• In a customer team, the testers have a crucial role to play. They help the customers express their requirements as tests.
Developer team
  • The developer team comprises of Developer team includes programmers,system administrators, architects, database administrators, technical writers,security specialists. Each person in the team can be responsible for multiple roles. A developer can also be helping out in testing related activities and a tester could be helping the developers in debugging a issue.
  • Testers are in the developer team as well because testing is one of the core tasks in Agile. Both the testers and the developers help each other in achieving the best quality end product for the customer.

Interaction between Customer and Developer Teams

  • The customer and developer teams work closely together with a common goal to deliver value to the organisation. Testers does not have the sole responsibility for the quality of the product under development. The developer also helps them achieve this by trying to maintain the quality from the first phase of the development.
  • The customer team with developer team prioritise stories which are crucial and are to delivered in each sprint. It’s totally up to the customer that what they want the developer team to work on. They can even request changes in between the sprint and the developer can work on it. If it does not affect the current scope of the story too much. Even if it does they can pick it up in the next upcoming sprint.
  • It is not totally in the hands of the customer team to dictate how much work they want the development team to work on. The developer picks up work according to there bandwidth, estimates it and then starts working on it.
  • Testers have a foot in each world, understanding the customer viewpoint as well as the complexities of the technical implementation. The testers or the QA team acts as a bridge between the customer and the developers. They don’t just understands the customer requirements but also looks at it from a technical viewpoint. and tries to see if it is feasible or not from the developers point of view as well.

**HOW IS AGILE TESTING DIFFERENT? **

  • By now you must be wondering how is Agile testing different from the the other traditional approach? Let’s see how it is like to work on a traditional team vs. an Agile team.

Working on Traditional Teams

  • In traditional team or approach the testers are not involved with developers from the starting phases of the software. Testers are involved in the last phases of the development where they get very little time to test the services on which the developers works for months.
  • Each release cycle is for around 6 months where all the tasks are to be completed and released to the customer. Testers are involved in release planning and requirements definition.But after that they are involved in the end with rushed testing phase and sometimes a delayed release as well.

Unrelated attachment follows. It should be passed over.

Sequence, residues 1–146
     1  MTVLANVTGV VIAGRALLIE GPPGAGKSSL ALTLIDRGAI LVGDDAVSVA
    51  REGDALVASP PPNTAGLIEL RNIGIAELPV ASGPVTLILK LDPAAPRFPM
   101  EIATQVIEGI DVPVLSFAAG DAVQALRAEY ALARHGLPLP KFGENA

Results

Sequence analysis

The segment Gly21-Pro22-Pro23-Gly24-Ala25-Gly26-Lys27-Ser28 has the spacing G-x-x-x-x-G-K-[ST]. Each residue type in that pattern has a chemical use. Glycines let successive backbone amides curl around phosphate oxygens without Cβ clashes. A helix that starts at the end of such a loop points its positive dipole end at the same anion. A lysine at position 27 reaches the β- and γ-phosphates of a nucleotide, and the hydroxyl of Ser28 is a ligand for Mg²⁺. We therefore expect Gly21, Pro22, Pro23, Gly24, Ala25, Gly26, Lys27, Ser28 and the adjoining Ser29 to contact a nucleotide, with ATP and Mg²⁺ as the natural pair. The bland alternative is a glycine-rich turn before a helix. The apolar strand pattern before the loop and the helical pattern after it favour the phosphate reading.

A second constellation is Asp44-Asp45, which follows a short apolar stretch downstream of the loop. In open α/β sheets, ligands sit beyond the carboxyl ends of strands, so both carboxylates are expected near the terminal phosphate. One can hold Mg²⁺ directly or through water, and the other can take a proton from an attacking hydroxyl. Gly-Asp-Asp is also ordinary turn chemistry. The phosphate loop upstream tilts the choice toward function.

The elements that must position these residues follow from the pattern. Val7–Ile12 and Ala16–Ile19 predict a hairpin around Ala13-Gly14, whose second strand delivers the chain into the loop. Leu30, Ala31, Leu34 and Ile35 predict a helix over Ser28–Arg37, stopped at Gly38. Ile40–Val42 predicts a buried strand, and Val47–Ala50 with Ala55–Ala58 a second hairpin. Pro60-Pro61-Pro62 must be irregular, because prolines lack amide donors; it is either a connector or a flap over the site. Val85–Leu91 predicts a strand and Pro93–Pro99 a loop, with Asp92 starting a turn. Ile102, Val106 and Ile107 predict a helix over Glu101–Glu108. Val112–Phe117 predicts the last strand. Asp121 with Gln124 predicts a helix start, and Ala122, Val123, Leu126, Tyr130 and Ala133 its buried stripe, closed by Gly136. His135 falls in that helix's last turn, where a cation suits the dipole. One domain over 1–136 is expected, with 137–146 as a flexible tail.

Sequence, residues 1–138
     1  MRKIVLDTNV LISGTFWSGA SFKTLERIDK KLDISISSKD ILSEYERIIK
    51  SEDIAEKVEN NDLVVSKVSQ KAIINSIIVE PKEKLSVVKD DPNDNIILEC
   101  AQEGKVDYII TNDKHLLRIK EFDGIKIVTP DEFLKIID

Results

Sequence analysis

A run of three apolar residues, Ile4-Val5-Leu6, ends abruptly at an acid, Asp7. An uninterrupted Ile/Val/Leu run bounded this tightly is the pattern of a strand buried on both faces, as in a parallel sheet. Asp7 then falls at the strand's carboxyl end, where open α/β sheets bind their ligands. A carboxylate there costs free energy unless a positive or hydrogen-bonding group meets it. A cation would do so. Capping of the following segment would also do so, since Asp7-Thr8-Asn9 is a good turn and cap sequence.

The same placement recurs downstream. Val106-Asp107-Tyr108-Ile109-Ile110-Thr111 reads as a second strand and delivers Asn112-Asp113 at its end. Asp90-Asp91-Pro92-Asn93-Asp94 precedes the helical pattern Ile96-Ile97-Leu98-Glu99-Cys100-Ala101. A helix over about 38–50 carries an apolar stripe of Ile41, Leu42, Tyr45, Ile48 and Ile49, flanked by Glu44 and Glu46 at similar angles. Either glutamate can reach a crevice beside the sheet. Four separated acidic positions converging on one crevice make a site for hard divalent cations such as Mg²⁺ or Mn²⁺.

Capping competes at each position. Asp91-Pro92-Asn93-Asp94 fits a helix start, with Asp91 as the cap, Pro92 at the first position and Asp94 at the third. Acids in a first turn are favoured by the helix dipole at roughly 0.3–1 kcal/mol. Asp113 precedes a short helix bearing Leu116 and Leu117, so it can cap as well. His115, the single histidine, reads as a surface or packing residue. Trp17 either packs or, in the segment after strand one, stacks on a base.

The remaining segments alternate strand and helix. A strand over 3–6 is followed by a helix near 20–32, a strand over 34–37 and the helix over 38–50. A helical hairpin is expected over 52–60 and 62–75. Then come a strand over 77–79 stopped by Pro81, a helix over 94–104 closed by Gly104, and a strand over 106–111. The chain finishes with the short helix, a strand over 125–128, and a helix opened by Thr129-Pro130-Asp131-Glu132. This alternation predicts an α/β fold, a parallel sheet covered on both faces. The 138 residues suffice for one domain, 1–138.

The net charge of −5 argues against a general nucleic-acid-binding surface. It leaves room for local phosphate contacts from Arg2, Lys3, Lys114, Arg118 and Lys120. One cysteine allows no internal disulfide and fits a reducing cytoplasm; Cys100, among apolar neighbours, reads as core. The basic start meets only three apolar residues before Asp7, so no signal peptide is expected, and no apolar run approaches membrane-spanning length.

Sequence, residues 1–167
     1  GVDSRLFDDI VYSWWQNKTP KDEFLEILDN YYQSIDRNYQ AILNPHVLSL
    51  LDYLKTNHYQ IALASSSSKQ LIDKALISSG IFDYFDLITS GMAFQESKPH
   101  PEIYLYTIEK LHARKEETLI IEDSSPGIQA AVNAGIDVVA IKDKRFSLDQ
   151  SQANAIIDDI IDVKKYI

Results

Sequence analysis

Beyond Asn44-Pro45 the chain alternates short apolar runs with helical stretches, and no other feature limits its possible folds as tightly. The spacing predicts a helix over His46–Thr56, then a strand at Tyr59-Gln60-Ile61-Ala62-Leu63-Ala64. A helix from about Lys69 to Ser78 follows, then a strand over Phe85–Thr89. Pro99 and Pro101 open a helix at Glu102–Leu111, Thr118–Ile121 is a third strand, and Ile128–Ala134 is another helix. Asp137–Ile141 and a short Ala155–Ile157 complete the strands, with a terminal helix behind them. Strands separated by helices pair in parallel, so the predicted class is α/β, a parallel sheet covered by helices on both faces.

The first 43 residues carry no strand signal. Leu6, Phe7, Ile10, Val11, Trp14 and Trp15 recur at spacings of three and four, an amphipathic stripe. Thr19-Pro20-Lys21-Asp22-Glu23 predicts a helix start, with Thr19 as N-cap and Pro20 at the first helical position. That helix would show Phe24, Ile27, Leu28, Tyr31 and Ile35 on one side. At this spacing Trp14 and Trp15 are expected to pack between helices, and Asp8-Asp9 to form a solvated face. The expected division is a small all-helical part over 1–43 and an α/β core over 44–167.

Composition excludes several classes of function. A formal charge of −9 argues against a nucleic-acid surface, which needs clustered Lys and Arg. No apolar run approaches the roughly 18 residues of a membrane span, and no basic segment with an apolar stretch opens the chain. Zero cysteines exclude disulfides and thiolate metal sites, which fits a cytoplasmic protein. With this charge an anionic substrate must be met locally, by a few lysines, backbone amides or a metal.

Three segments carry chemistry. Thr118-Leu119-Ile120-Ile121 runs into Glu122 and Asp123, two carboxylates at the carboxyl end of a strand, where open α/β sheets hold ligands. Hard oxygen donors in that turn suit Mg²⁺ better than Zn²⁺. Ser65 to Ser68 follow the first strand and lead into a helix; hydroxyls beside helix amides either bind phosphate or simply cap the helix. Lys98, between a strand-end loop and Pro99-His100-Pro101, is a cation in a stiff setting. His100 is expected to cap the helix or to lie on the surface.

• The quality is the sole responsibility of the QA team only. If any of the requirements were missing or any other issue was found the testers were responsible. They didn’t even have the control over if the developer has even tested there code or not.
  • The testers have the power to stop or postpone the release of they find any major issues in the release or if it is not according to the requirements.
  • 6 months seems like a very long time but is not as even after this time the end result is not according to the customers expectations. Things gets deviated from the path and the end result is not covering all the requirements.
  • The testers create there test plans according to the API specs but if the end product is not according to the defined requirements then the whole test plan simply fails.

#agile #api testing #integration testing #quality assurance (qa) #scaled agile #scrum #testing #unit testing #agile teams #agile transformation #test automation

Dejah  Reinger

Dejah Reinger

1599859380

How to Do API Testing?

Nowadays API testing is an integral part of testing. There are a lot of tools like postman, insomnia, etc. There are many articles that ask what is API, What is API testing, but the problem is How to do API testing? What I need to validate.

Note: In this article, I am going to use postman assertions for all the examples since it is the most popular tool. But this article is not intended only for the postman tool.

Let’s directly jump to the topic.

Let’s consider you have an API endpoint example http://dzone.com/getuserDetails/{{username}} when you send the get request to that URL it returns the JSON response.

My API endpoint is http://dzone.com/getuserDetails/{{username}}

The response is in JSON format like below

JSON

{
  "jobTitle": "string",
  "userid": "string",
  "phoneNumber": "string",
  "password": "string",
  "email": "user@example.com",
  "firstName": "string",
  "lastName": "string",
  "userName": "string",
  "country": "string",
  "region": "string",
  "city": "string",
  "department": "string",
  "userType": 0
}

In the JSON we can see there are properties and associated values.

Now, For example, if we need details of the user with the username ‘ganeshhegde’ we need to send a **GET **request to **http://dzone.com/getuserDetails/ganeshhegde **

dzone.com

Now there are two scenarios.

1. Valid Usecase: User is available in the database and it returns user details with status code 200

2. Invalid Usecase: User is Unavailable/Invalid user in this case it returns status with code 404 with not found message.

#tutorial #performance #api #test automation #api testing #testing and qa #application programming interface #testing as a service #testing tutorial #api test

Aurelie  Block

Aurelie Block

1598916060

Top 10 Automation Testing Tools: 2020 Edition

The demand for delivering quality software faster — or “Quality at Speed” — requires organizations to search for solutions in Agile, continuous integration (CI), and DevOps methodologies. Test automation is an essential part of these aspects. The latest World Quality Report 2018–2019 suggests that test automation is the biggest bottleneck to deliver “Quality at Speed,” as it is an enabler of successful Agile and DevOps adoption.

Test automation cannot be realized without good tools; as they determine how automation is performed and whether the benefits of automation can be delivered. Test automation tools is a crucial component in the DevOps toolchain. The current test automation trends have increased in applying artificial intelligence and machine learning (AI/ML) to offer advanced capabilities for test optimization, intelligent test generation, execution, and reporting. It will be worthwhile to understand which tools are best poised to take advantage of these trends.****

#automation-testing #automation-testing-tools #testing #testing-tools #selenium #open-source #test-automation #automated-testing